Septic Arthritis

Septic arthritis is where an infection occurs within a joint. This could be in a native joint, meaning the persons own joint, or in a joint replacement. Infection in a joint is an emergency as the infection can quickly begin to destroy the joint and cause systemic illness. Septic arthritis has a mortality of around 10%.

It is a common and important complication of joint replacement. It occurs in around 1% of straight forward hip or knee replacements. This percentage is higher in revision surgery.



Usually, it only affects a single joint. This is often a knee. It presents with a rapid onset of

  • Hot, red, swollen and painful joint
  • Stiffness and reduced range of motion
  • Systemic symptoms such as fever, lethargy and sepsis

Common Bacteria

Staphylococcus aureus is the most common causative organism.

Other bacteria:

  • Neisseria gonorrhoea (gonococcus) in sexually active individuals
  • Group A Streptococcus (most commonly Streptococcus pyogenes)
  • Haemophilus influenza
  • Escherichia coli (E. coli)


TOM TIP: In a young patient presenting with a single acutely swollen joint always think of gonococcus septic arthritis until proven otherwise. Gonorrhoea infection is common and delaying treatment puts the joint in danger. In your exams it might say the gram stain revealed a “gram-negative diplococcus”. The patient may have urinary or genital symptoms to trick you into thinking of reactive arthritis but remember that it is important to exclude gonococcal septic arthritis first as this is the more serious condition.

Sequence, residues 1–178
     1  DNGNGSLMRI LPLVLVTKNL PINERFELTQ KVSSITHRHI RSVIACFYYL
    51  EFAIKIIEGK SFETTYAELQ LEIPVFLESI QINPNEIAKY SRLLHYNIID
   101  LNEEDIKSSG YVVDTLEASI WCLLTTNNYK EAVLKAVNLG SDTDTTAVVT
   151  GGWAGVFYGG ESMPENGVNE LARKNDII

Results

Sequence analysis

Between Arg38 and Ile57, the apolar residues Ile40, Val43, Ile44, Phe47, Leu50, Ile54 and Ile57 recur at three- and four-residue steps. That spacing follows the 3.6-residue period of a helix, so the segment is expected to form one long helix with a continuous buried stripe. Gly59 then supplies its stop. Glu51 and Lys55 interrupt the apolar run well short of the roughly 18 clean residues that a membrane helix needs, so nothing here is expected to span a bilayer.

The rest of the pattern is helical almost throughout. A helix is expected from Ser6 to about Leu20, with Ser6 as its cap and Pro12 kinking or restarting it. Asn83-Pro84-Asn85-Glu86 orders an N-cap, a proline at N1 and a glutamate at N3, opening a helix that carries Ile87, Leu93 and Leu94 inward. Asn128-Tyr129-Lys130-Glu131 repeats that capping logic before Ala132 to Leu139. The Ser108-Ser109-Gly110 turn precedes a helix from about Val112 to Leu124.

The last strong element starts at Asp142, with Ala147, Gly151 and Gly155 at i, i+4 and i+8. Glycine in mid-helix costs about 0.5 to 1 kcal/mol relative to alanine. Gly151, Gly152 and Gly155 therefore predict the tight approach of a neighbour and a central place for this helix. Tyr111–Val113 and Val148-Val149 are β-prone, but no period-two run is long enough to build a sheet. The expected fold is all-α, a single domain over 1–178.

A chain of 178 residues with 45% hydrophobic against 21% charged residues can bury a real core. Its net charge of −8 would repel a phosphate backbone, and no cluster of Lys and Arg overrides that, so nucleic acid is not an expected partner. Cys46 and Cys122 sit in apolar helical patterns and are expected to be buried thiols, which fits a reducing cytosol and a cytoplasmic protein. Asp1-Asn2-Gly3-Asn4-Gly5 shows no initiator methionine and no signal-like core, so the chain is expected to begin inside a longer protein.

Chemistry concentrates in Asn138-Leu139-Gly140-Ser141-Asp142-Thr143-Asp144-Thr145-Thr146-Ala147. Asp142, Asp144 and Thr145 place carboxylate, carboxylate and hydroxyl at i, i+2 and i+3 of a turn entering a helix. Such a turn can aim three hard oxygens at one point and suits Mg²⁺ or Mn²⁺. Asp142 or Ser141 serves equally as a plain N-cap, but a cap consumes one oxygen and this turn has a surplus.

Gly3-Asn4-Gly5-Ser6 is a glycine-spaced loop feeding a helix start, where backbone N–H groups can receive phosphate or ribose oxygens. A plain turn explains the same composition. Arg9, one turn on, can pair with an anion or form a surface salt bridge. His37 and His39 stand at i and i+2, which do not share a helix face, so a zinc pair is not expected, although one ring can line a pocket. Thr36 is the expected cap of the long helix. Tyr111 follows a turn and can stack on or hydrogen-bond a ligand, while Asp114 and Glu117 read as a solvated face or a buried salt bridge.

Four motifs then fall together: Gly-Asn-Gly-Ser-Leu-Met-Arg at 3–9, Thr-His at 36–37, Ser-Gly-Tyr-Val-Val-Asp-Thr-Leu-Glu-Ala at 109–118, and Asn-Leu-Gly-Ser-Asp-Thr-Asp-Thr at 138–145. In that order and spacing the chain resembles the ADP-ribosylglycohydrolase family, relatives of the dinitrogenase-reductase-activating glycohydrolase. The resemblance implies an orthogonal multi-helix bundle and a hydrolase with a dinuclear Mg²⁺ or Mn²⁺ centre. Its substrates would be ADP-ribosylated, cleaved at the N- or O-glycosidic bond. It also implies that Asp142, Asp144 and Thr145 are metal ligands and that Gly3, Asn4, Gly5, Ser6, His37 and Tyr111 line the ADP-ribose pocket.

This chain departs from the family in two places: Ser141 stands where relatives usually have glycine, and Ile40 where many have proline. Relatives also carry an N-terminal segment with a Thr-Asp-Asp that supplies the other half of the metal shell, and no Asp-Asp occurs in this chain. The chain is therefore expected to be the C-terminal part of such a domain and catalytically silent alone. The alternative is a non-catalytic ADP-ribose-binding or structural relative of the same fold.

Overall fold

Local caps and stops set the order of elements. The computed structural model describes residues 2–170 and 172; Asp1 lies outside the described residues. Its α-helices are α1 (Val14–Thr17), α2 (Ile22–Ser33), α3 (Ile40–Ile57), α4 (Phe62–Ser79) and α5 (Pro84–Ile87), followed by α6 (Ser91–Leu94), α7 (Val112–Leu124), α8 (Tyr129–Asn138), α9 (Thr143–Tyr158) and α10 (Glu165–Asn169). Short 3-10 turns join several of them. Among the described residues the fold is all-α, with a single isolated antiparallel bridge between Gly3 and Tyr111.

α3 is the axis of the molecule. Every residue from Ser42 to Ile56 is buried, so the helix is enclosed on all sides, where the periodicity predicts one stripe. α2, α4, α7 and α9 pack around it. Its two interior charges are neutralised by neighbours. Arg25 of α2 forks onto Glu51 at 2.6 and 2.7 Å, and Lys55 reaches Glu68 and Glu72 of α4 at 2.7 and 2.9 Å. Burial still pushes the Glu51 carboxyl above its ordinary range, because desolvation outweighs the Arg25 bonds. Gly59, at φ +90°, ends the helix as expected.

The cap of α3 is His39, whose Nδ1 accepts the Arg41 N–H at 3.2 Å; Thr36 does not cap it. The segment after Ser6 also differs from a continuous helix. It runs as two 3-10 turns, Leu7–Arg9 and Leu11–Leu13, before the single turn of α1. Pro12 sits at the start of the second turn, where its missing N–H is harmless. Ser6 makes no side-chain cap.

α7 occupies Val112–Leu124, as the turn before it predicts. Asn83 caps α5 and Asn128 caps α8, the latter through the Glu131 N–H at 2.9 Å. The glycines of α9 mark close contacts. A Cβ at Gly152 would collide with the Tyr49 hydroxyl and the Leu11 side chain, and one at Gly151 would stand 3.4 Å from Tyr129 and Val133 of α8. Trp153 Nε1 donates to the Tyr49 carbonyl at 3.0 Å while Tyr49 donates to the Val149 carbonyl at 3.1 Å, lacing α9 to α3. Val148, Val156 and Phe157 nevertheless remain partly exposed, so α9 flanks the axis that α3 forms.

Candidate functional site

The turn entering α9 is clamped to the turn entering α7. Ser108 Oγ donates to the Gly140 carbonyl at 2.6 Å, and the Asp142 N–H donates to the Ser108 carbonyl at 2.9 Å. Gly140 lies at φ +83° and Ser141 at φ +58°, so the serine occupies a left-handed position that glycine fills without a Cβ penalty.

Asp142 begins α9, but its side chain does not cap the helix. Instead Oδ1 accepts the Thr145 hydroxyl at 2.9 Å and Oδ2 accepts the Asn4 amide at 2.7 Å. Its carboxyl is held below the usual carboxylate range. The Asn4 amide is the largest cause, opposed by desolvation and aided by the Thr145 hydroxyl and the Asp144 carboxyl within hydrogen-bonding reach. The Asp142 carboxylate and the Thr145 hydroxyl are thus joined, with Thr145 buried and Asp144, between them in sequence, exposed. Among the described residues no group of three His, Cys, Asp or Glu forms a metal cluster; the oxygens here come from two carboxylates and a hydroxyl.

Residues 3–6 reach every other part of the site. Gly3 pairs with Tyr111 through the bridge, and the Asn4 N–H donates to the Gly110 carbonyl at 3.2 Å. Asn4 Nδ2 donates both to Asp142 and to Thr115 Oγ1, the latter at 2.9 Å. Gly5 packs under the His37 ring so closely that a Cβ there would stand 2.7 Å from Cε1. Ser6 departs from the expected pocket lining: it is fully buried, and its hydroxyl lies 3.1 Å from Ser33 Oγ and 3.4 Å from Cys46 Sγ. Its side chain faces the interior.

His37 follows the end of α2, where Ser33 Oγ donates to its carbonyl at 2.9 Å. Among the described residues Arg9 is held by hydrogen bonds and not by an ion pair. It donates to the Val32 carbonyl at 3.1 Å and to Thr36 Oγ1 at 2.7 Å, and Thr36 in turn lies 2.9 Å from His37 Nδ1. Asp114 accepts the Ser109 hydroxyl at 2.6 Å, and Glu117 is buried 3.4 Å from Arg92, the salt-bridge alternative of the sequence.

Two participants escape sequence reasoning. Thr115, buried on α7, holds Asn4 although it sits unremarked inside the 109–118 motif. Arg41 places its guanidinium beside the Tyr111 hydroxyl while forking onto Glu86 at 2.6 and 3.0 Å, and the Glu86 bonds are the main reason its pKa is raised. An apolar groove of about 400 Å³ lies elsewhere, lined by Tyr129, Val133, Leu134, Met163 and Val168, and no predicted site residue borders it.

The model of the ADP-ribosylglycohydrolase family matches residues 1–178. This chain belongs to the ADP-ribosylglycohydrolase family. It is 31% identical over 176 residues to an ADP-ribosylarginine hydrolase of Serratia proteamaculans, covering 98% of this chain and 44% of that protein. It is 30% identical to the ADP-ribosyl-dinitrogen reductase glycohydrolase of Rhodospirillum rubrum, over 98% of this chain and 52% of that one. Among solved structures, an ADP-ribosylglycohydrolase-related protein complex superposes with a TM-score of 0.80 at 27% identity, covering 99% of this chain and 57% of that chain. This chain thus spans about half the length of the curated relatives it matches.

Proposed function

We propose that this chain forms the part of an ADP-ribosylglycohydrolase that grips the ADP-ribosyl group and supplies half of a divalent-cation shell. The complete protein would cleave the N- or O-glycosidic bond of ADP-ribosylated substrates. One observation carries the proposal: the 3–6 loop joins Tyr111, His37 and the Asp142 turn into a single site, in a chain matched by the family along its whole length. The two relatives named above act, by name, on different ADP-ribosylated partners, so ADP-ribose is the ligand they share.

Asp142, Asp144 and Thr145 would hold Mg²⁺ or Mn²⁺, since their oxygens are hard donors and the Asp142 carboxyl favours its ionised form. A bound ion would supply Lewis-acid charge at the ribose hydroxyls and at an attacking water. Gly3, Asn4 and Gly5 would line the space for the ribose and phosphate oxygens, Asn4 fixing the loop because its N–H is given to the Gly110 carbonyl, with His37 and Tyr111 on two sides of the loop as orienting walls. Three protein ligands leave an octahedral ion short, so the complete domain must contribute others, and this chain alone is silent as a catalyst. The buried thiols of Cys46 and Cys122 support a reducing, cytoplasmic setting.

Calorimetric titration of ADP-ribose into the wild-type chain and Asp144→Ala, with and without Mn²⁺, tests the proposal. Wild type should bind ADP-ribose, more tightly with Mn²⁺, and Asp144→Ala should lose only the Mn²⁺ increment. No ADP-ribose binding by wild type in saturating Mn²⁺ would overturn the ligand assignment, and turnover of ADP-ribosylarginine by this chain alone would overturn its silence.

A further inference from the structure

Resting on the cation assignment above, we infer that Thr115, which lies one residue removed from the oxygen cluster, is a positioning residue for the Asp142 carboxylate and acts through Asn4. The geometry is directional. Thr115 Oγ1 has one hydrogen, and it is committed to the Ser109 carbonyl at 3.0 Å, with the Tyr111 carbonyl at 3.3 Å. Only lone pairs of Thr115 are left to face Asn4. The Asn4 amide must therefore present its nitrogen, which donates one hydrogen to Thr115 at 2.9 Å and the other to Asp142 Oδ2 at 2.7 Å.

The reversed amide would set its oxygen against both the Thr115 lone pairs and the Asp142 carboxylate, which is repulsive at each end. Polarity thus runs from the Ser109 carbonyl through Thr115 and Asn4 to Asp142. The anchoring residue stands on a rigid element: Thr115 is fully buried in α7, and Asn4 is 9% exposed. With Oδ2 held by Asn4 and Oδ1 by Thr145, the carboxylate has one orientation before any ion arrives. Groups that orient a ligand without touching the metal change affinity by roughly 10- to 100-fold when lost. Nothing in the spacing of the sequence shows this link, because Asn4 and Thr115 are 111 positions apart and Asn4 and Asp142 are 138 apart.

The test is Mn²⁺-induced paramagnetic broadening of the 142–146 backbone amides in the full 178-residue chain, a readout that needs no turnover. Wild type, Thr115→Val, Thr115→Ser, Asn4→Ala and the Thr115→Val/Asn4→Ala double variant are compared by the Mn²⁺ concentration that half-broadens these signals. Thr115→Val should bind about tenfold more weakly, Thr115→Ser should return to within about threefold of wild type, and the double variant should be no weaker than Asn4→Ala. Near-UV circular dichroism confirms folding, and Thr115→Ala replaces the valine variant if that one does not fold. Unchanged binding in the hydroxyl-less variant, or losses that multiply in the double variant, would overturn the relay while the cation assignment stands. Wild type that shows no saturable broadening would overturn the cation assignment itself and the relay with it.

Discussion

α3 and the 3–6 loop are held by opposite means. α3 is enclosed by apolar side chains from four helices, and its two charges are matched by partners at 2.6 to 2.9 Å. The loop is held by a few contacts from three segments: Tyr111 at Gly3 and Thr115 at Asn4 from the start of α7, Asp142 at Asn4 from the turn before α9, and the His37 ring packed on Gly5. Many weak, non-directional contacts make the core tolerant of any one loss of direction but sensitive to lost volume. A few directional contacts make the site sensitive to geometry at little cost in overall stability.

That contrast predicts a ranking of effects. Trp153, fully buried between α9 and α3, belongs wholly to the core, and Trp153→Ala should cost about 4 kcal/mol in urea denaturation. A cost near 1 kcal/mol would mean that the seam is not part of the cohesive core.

Differential Diagnosis

  • Gout (fluid shows urate crystals that are negatively birefringent of polarised light)
  • Pseudogout (fluid shows calcium pyrophosphate crystals that are rod-shaped intracellular crystals positively birefringent of polarised light)
  • Reactive arthritis typically triggered by urethritis or gastroenteritis and associated with conjunctivitis
  • Haemarthrosis (bleeding into the joint)



Have a low threshold for treating a patient for septic arthritis until it has been excluded with examination of the joint fluid. Be particularly cautious with immunosuppressed patients.

There will be a local hot joint policy at your hospital to guide what team admits the patient (orthopaedics, rheumatology or infectious diseases), what antibiotics to use and for how long.

Aspirate the joint prior to antibiotics and send the sample for gram staining, crystal microscopy, culture and antibiotic sensitivities. The joint fluid may be purulent (full of pus). The gram stain will come back quite quickly and may give a clue about the organism. The full culture will take longer.

Empirical IV antibiotics should be given until the sensitivities are known. Antibiotics are usually continued for 3 – 6 weeks in total. Choice of antibiotic depends on the local guidelines. Example regimes are:

  • Flucloxacillin plus rifampicin is often first line
  • Vancomycin plus rifampicin for penicillin allergy, MRSA or prosthetic joint
  • Clindamycin is an alternative


Last updated March 2019